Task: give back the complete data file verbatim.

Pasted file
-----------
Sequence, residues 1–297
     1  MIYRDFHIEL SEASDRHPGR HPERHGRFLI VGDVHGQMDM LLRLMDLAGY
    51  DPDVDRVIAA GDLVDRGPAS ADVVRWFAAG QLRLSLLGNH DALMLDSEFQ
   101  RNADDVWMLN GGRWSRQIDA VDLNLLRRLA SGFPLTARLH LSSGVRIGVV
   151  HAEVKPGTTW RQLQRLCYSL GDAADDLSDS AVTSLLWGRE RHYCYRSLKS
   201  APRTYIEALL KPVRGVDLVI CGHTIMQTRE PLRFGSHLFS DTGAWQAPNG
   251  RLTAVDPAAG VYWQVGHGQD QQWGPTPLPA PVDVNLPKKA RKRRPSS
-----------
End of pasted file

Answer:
Sequence, residues 1–297
     1  MIYRDFHIEL SEASDRHPGR HPERHGRFLI VGDVHGQMDM LLRLMDLAGY
    51  DPDVDRVIAA GDLVDRGPAS ADVVRWFAAG QLRLSLLGNH DALMLDSEFQ
   101  RNADDVWMLN GGRWSRQIDA VDLNLLRRLA SGFPLTARLH LSSGVRIGVV
   151  HAEVKPGTTW RQLQRLCYSL GDAADDLSDS AVTSLLWGRE RHYCYRSLKS
   201  APRTYIEALL KPVRGVDLVI CGHTIMQTRE PLRFGSHLFS DTGAWQAPNG
   251  RLTAVDPAAG VYWQVGHGQD QQWGPTPLPA PVDVNLPKKA RKRRPSS